Gottfried, displaying a remarkable familiarity with the sources, discusses French, German, and Italian Marxism from this point of view. Much to my delight, in doing so he launches a massive strike against one of my pet aversions, the German philosopher and sociologist Jürgen Habermas.
Habermas perfectly exemplifies the pattern Gottfried has set forward. He declares himself a champion of democracy. Reason, Habermas contends, is not confined to determining which means best fulfill given ends. We can argue rationally about goals themselves; and, if we do so, much in Western society will be found lacking. Based on the imperatives of argument itself, people have rights that a just society must respect.
Habermas’s practice belies his pretense to openness. Free speech, for him, has very definite limits. Historians must not compare Soviet atrocities with those of the Nazis. To do so is to "contextualize" the Nazis: this violates the categorical imperative to carry on the fight against fascism: "Between 1987 and 1990 he [Habermas] explained in a series of attacks that these ‘revisionists’ [e.g., Ernst Nolte] had ‘dangerously’ equated Stalin’s crimes with those of Hitler . . . diverting attention to Communist crimes in order to play down German iniquity. Such ideas went against the ‘reeducation’ that the Germans had enjoyed during the Allied Occupation but which the avoidable catastrophe of the Cold War had then interrupted. Although Habermas did not call for a total prohibition on the expression of such views, he insisted that they should be confined to ‘specialized scientific journals’ that would not reach the public" (pp. 98–99).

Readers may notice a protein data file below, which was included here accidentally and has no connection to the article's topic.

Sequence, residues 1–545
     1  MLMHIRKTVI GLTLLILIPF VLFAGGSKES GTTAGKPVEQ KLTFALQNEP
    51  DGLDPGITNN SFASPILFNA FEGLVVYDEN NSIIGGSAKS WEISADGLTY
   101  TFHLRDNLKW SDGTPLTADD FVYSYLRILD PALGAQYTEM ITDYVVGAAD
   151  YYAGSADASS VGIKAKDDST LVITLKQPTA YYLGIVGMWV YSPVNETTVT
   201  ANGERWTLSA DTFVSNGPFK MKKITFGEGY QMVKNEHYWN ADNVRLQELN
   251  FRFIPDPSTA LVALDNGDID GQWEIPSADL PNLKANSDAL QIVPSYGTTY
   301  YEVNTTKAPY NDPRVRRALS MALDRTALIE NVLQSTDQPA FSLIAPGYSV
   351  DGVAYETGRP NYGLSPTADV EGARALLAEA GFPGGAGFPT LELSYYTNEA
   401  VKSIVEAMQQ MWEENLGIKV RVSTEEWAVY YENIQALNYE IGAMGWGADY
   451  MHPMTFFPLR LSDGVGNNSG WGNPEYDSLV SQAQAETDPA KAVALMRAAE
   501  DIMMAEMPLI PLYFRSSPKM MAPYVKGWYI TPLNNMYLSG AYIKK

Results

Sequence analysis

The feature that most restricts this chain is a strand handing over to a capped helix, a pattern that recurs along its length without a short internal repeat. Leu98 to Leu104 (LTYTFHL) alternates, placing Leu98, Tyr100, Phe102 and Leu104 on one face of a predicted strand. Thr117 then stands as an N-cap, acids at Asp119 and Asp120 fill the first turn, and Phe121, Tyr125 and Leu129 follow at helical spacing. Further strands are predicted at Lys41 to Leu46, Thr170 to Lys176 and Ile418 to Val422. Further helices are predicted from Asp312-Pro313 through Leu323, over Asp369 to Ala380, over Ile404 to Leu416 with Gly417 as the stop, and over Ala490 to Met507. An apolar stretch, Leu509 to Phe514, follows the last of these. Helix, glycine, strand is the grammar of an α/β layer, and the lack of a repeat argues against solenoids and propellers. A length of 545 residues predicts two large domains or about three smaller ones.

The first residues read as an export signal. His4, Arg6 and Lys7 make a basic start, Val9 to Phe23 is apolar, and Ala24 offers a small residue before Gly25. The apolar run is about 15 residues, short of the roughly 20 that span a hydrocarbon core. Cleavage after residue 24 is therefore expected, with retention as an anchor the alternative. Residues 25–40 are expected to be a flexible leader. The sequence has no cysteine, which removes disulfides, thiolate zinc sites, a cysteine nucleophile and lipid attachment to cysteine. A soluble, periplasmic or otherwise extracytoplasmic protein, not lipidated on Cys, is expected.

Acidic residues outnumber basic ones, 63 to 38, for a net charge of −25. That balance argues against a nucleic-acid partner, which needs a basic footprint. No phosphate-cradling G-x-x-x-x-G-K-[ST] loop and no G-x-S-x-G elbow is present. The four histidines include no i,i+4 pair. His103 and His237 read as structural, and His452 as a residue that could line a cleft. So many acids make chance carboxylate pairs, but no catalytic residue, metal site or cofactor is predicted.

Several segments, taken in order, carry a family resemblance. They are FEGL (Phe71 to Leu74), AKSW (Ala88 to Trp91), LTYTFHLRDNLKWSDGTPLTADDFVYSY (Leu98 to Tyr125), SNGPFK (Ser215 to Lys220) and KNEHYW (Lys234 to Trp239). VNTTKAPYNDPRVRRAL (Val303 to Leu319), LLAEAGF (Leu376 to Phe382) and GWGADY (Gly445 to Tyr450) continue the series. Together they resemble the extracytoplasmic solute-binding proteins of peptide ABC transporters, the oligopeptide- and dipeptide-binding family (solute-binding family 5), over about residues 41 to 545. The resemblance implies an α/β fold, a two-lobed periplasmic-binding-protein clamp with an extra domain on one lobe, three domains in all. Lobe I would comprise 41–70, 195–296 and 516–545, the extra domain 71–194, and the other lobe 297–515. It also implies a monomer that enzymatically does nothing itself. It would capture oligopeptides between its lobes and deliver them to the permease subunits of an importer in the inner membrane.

An examination of Habermas’s The Liberating Power of Symbols: Philosophical Essays (MIT Press, 2001) confirms and extends Gottfried’s diagnosis of Habermas. This short book shows Habermas at his friendliest: it consists of brief essays in tribute to philosophers and writers he admires. Yet the result is an unintentionally devastating portrait of the essence of his own thought.
For Habermas, the process of controlled dialogue that he favors is more than a political mechanism. He thinks of it as a replacement for religion and previous philosophy. Habermas views his own thought as the culmination of history: other thinkers, however "progressive," are valuable only as way stations along the road to Habermasian insight. Thus, in an informative account of Michael Theunissen’s bizarre attempt to combine Marx with Kierkegaard, Habermas rejects his attempt to find a place for God: "But this modest truth is not enough for Theunissen. He would like to interpret successful acts of understanding in terms of a transcendence irrupting into history, the promissory presence of an absolute power which first makes our finite freedom possible . . . the complementarity of communicative freedom and love affirmed by Theunissen also disintegrates. Communicative freedom then takes on the profane, but by no means contemptible form of the responsibility of communicatively acting subjects." (Habermas, Liberating Power, pp. 105, 108).